To comply with information security regulations, Stillwater National Bank and Trust (SNB), a subsidiary of Southwest Bancorp, had pieced together a mix of vendors' e-mail security products. But the solutions required installation on individual desktops, password-exchange by phone and end-user training, according to Jacob Mays, VP, application manager, for Stillwater, Okla.-based SNB ($2 billion in assets). Further, when users lost their passwords, the bank had to recreate the original e-mail messages and attachments, then re-encrypt and resend, he relates.
By mid-2005, the bank started looking for a solution that would automatically encrypt e-mails without requiring password exchange, Mays recalls. He adds that management wanted a single solution that also could manage security on the bank's desktop and laptop computers. SNB conducted an Internet search and spoke with other banks to identify providers and then issued an RFP in the third quarter, Mays says. SNB asked three vendors -- ZIX Corp. (Dallas), Voltage Security (Palo Alto, Calif.) and PGP -- to provide demonstrations of their products.
The bank ruled out ZIX's outsourced e-mail security service because outsourcing would have required the bank to conduct annual audits to ensure the vendor complied with data security regulations, Mays notes. In the first quarter of 2006, SNB signed a contract with Palo Alto-based PGP for the PGP Encryption Platform, largely because it is an industry standard, according to Mays. "Encryption only works if everyone speaks the same language, and many of our business partners already have security solutions," he says.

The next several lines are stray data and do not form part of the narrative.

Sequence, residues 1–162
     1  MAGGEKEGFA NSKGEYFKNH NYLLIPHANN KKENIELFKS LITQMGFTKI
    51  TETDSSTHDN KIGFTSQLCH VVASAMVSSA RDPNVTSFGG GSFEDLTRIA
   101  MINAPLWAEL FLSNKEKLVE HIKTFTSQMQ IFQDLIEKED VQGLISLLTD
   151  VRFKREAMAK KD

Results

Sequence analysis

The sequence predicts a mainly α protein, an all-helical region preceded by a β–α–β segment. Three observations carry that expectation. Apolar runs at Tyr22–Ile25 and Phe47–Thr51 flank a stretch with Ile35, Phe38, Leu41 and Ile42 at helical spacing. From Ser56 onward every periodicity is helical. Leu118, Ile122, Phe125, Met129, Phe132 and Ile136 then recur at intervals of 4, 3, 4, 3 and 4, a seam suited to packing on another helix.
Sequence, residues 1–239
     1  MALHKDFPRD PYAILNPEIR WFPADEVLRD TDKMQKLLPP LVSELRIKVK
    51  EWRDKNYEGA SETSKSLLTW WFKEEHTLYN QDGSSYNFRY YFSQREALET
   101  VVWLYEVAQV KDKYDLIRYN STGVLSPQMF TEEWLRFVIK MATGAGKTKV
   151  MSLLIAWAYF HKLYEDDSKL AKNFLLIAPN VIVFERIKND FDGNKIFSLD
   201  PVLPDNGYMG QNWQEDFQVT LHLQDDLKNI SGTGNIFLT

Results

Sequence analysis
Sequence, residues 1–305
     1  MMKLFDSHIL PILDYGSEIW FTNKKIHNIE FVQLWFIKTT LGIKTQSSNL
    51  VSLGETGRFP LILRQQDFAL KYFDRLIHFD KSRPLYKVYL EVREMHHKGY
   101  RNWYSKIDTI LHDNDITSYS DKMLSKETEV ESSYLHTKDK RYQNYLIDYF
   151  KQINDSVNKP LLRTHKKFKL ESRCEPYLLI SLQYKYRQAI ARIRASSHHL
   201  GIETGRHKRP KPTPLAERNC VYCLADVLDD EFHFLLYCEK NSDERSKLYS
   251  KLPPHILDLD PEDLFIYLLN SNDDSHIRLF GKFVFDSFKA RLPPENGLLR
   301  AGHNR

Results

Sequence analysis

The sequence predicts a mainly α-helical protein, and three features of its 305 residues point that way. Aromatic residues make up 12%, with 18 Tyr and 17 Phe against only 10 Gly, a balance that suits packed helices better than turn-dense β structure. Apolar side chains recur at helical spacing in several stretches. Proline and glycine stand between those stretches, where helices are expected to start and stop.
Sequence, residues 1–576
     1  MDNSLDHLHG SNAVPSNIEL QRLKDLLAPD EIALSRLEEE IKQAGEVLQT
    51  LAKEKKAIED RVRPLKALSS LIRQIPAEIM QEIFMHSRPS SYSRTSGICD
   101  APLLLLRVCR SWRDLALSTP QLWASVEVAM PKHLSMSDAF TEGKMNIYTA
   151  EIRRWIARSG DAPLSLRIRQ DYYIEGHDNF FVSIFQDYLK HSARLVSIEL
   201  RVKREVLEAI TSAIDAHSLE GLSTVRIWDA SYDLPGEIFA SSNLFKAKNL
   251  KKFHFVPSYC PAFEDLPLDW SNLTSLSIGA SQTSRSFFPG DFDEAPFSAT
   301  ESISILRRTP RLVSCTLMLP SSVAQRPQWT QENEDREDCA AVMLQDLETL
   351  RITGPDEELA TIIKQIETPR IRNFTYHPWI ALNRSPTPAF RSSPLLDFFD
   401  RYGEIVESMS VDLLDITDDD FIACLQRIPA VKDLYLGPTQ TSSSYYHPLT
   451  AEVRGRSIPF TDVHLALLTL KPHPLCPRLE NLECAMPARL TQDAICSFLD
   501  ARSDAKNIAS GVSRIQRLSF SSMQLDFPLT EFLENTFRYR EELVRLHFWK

The PGP suite selected by SNB includes PGP Universal Server for central security policy enforcement, reporting and e-mail gateway encryption; PGP Desktop to protect internal e-mails; and PGP Whole Disk Encryption for data stored on internal drives and laptops. According to PGP, e-mail encryption is transparent to users, and messages are encrypted to match recipients' encryption capabilities.
To install the software, SNB simply downloaded it from a secure Web site onto a CD and then loaded it onto an existing HP (Palo Alto) server that was designated for the implementation, Mays says, noting that it was not necessary to install the software on individual desktops. With the software in place, according to Mays, employees simply have to put the word "secure" in the subject line of e-mails and the messages are encrypted automatically.
No training beyond simple instructions was required, adds Mays. "If someone forgets to write the word 'secure' in the subject line, other software looks for account numbers or Social Security numbers and will send it through the PGP system and encrypt the message," he continues.
Currently, the bank is setting up its corporate clients with the solution's outgoing encryption capabilities. Clients either can download software from a PGP Web page (they need a password to access the capability but the recipient at the bank does not) or simply reply to an already-encrypted message, according to Mays. "This is a very cost-effective and efficient system," he says.
PGP also offers complementary products that enable the Encryption Platform to scale with the bank's needs, Mays says, noting that SNB hopes to extend e-mail encryption to BlackBerry (Research In Motion; Waterloo, Ontario) devices in the future. "Best of all, it's a one-step process," he adds. "We've saved our employees time and have prevented e-mails from getting in the wrong hands."
Institution: Stillwater National Bank and Trust (Stillwater, Okla.), a subsidiary of Southwest Bancorp.
Assets: $2 billion.
Business Challenge: Implement a security solution for encrypting confidential e-mails and data.
Solution: PGP's (Palo Alto, Calif.) PGP Encryption Platform.